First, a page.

Parents concerned that Duval County charter schools are not bound by district’s mask mandate
News4Jax | By Joe McLean | September 14, 2021
Some parents of charter school students also calling for more transparency in COVID-19 case reporting
JACKSONVILLE, Fla. – Florida Gov. Ron DeSantis’ ban on required masking of students is being fought in the courts, but in the meantime, some school districts in the state are still imposing a mask mandate.
While Duval County Public Schools is requiring students and employees to wear masks, the county’s charter schools are not bound by the mask mandate. The situation has many charter school parents concerned and calling for changes.
Charter schools are in a very unique position, in that they get public money, but are not bound by most rules set by the elected school board. Charter schools have their own school board to make those decisions, and many local charter schools are taking their cues from the Florida Department of Education, which demanded that mandates not be imposed.
“It’s very concerning that they just have the option of not listening to the rest of the county,” said Donald Price, whose child attends River City Science Academy, which has six campuses in Duval County.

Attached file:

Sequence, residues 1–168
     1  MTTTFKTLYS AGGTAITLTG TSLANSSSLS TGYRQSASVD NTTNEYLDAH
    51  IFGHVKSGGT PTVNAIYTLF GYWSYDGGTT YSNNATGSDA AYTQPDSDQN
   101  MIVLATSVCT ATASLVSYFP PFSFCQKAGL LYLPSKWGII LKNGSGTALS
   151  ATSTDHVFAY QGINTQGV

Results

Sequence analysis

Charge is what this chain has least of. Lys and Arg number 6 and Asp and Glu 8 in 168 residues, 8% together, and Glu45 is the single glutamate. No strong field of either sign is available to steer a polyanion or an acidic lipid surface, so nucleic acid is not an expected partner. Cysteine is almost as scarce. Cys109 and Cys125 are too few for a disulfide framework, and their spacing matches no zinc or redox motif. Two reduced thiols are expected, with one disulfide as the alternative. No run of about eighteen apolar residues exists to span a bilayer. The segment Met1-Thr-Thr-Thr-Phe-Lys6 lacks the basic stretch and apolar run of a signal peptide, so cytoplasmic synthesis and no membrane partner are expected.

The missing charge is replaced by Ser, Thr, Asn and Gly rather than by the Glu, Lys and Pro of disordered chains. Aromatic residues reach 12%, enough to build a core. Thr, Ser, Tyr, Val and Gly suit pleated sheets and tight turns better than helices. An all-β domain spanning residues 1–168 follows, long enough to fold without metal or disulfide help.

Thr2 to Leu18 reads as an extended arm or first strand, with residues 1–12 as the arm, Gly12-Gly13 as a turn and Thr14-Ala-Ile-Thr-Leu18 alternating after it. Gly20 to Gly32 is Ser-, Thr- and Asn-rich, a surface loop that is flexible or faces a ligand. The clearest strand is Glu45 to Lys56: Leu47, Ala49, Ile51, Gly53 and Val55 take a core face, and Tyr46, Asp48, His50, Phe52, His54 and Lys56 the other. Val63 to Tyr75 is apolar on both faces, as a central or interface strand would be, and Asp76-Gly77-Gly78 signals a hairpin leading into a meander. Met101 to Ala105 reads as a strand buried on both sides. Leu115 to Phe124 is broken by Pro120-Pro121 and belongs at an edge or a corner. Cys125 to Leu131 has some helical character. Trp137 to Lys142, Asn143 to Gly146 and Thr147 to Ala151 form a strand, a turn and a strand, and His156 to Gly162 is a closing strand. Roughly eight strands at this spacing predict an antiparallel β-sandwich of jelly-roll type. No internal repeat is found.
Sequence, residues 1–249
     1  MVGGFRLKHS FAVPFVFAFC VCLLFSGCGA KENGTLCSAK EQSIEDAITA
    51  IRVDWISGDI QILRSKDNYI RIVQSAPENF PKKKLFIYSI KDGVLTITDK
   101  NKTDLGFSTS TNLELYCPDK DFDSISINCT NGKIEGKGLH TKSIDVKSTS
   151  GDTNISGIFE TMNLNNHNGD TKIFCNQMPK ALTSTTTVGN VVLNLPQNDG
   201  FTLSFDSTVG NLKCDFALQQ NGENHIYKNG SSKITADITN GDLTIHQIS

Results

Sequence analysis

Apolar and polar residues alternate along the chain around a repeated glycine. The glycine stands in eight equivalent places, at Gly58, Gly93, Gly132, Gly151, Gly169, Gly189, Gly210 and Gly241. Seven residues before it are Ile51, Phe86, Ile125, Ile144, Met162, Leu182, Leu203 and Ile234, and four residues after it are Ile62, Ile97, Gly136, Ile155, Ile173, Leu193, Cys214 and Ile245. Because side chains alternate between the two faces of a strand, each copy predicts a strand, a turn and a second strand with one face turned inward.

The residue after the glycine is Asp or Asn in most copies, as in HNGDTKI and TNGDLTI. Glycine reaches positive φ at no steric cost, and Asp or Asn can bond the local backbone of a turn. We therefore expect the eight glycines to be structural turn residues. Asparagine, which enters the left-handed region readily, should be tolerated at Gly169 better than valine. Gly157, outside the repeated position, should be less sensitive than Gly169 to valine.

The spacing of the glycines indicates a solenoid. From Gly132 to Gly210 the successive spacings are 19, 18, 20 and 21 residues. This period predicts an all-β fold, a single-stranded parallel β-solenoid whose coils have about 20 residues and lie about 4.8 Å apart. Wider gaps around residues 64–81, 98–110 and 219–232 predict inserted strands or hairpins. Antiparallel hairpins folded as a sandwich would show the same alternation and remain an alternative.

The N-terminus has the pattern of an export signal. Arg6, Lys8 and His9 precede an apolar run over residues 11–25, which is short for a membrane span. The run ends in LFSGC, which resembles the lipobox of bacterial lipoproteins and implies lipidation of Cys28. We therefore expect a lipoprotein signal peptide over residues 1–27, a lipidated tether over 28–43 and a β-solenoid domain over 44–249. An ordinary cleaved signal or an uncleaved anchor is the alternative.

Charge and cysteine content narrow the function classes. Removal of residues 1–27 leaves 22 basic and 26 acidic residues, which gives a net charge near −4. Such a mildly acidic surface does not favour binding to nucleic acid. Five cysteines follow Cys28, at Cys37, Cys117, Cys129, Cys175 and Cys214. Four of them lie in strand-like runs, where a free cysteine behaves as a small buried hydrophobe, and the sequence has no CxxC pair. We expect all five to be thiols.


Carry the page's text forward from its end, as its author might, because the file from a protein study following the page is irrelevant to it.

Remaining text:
When News4Jax asked the school’s spokesperson if masks were required, the spokesperson said “we follow the State order” — meaning no.
“It’s disheartening and concerning, and it’s scary, to be honest,” Price said. “I thought I was sending my child to a progressive science school that was going to be advancing him and forward-thinking and science and stuff like that, mathematics, where now I feel like it’s more of a money and political thing than a teaching thing.”
There are more than a half-dozen Duval Charter School campuses across Jacksonville governed by Renaissance Charter School Inc. A spokesperson said the company “strongly recommends masks for all students and requires all teachers, staff and visitors to wear masks while inside its schools in Duval County.”
Parents who News4Jax spoke with said it’s not enough.
“It really stinks that it’s come down to this,” said Jill Lortz, the mother of a Duval Charter School student. “You hate that we’re in this situation. I wish it was better. I wish the numbers would come down.”
“I’m high risk because I have asthma. My parents are in their 70s. My sister is immunocompromised,” said Lenna Sutton, the mother of a Duval Charter School student. “So it’s just disappointing that they are not listening to CDC guidelines.”
Another thing that charter schools get to decide for themselves is what data to release to families and how often. While some parents said there is a lot of communication from the principal about how many cases are in their school, others are far less transparent.
“To me, that’s not acceptable. They weren’t sharing any data, and when I did speak to the school, they said they only have to report it to the CDC, they don’t have to, you know, report it to us. So really haven’t gotten any data,” said Yasmine Wilson, a mother of Duval Charter School students.
Charter schools are also not listed on the online DCPS COVID-19 dashboard. The district said the information system that the charter schools use is incompatible with the one the district uses but said that charter schools are free to disclose information with their own families.